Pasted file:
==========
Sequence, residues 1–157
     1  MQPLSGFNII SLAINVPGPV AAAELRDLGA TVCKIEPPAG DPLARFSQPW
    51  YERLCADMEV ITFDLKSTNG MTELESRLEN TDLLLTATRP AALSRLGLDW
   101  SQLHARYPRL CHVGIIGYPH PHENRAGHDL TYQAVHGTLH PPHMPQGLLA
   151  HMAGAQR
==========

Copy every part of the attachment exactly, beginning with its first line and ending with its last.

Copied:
Sequence, residues 1–157
     1  MQPLSGFNII SLAINVPGPV AAAELRDLGA TVCKIEPPAG DPLARFSQPW
    51  YERLCADMEV ITFDLKSTNG MTELESRLEN TDLLLTATRP AALSRLGLDW
   101  SQLHARYPRL CHVGIIGYPH PHENRAGHDL TYQAVHGTLH PPHMPQGLLA
   151  HMAGAQR